This Day in History

Philippine independence declared


During the Spanish-American War, Filipino rebels led by Emilio Aguinaldo proclaim the independence of the Philippines after 300 years of Spanish rule. By mid-August, Filipino rebels and US troops had ousted the Spanish, but Aguinaldo’s hopes for independence were dashed when the United States formally annexed the Philippines as part of its peace treaty with Spain.

The Philippines, a large island archipelago situated off Southeast Asia, was colonized by the Spanish in the latter part of the 16th century. Opposition to Spanish rule began among Filipino priests, who resented Spanish domination of the Roman Catholic churches in the islands. 

In the late 19th century, Filipino intellectuals and the middle class began calling for independence. In 1892, the Katipunan, a secret revolutionary society, was formed in Manila, the Philippine capital on the island of Luzon. Membership grew dramatically, and in August 1896 the Spanish uncovered the Katipunan’s plans for rebellion, forcing premature action from the rebels. Revolts broke out across Luzon, and in March 1897, 28-year-old Emilio Aguinaldo became leader of the rebellion.

By late 1897, the revolutionaries had been driven into the hills southeast of Manila, and Aguinaldo negotiated an agreement with the Spanish. In exchange for financial compensation and a promise of reform in the Philippines, Aguinaldo and his generals would accept exile in Hong Kong. The rebel leaders departed, and the Philippine Revolution temporarily was at an end.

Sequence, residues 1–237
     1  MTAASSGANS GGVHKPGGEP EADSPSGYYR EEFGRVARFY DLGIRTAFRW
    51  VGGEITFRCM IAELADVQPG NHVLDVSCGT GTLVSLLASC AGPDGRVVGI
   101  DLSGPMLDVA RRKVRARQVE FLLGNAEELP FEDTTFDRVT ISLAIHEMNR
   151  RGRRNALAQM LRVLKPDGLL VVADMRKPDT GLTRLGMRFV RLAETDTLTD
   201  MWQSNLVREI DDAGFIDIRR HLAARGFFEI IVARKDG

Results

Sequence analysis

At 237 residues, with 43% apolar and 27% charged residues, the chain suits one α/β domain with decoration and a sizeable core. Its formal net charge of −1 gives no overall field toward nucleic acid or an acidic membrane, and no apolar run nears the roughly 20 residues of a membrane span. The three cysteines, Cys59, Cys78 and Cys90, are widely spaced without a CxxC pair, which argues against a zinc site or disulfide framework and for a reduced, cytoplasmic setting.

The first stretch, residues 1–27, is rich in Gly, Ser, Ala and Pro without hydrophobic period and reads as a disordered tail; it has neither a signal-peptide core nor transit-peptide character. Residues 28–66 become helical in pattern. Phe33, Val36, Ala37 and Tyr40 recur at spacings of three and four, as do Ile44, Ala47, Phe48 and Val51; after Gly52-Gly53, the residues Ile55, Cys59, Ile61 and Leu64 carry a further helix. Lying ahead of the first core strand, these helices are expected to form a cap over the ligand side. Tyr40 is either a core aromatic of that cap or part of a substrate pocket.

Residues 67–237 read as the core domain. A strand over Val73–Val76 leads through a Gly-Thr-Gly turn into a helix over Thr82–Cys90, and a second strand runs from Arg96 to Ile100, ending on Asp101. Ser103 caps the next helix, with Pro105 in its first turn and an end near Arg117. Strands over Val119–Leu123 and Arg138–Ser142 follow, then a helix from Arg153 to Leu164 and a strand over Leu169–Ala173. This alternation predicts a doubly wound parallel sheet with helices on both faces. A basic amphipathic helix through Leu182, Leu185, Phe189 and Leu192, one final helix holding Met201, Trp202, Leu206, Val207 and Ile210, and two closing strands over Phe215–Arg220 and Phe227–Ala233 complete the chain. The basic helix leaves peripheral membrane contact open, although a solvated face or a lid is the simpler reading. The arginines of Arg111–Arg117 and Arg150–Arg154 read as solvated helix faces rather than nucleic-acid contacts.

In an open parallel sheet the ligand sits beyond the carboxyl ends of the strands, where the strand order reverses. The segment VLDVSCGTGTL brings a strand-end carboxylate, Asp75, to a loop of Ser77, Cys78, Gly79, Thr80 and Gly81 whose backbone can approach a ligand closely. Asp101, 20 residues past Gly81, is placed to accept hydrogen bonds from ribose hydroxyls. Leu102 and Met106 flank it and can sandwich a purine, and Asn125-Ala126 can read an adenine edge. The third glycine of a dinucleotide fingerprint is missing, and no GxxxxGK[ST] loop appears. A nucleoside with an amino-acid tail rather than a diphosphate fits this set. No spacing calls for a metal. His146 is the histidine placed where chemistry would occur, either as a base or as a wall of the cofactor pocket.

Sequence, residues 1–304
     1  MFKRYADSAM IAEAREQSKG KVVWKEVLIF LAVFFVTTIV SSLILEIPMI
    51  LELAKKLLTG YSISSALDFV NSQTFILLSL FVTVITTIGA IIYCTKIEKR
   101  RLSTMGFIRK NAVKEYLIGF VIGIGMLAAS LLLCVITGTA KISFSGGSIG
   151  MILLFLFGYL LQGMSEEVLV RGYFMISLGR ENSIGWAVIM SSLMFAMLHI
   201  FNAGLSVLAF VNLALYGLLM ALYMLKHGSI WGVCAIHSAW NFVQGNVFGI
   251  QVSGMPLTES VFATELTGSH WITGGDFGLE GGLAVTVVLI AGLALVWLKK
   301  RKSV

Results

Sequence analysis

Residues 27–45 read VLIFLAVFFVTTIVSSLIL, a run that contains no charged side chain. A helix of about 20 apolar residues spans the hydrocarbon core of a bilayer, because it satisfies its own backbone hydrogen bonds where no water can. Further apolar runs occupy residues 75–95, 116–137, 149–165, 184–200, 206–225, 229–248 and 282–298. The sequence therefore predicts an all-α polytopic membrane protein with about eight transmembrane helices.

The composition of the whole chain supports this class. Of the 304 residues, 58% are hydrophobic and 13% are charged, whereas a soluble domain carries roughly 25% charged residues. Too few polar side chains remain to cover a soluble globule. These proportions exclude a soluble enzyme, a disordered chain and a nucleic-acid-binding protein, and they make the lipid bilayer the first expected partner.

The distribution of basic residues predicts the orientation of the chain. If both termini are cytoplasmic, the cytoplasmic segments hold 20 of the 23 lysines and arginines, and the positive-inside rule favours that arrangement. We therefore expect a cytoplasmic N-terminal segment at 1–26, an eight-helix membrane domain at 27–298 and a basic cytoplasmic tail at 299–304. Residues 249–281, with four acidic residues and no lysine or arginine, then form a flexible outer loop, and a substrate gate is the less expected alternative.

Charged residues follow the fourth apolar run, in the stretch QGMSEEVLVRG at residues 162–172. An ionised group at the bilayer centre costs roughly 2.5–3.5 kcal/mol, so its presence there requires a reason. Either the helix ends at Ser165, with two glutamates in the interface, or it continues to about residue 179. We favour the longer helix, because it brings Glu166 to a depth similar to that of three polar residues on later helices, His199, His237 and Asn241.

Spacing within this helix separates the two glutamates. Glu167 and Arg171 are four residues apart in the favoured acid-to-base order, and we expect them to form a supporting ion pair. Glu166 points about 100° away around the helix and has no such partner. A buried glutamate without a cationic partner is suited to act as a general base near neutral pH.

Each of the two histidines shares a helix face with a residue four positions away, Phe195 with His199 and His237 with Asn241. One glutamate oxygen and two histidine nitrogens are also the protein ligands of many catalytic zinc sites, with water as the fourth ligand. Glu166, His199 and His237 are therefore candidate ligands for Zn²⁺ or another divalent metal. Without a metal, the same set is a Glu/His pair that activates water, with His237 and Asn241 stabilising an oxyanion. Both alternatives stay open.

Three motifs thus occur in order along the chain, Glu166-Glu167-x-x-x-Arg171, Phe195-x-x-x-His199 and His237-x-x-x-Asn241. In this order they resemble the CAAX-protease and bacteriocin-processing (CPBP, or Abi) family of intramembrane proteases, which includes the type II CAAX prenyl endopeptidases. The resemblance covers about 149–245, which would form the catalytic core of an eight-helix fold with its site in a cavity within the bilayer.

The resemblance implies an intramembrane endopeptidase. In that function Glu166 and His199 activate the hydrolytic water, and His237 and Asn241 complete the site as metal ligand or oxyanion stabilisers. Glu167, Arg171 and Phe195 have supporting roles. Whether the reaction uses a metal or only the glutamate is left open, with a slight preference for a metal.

His rebels, meanwhile, had encircled the Spanish in Manila and, with the support of Dewey’s squadron in Manila Bay, would surely have conquered the Spanish. Dewey, however, was waiting for US ground troops, which began landing in July and took over the Filipino positions surrounding Manila. 

On August 8, the Spanish commander informed the United States that he would surrender the city under two conditions: The United States was to make the advance into the capital look like a battle, and under no conditions were the Filipino rebels to be allowed into the city. On August 13, the mock Battle of Manila was staged, and the Americans kept their promise to keep the Filipinos out after the city passed into their hands.   

—History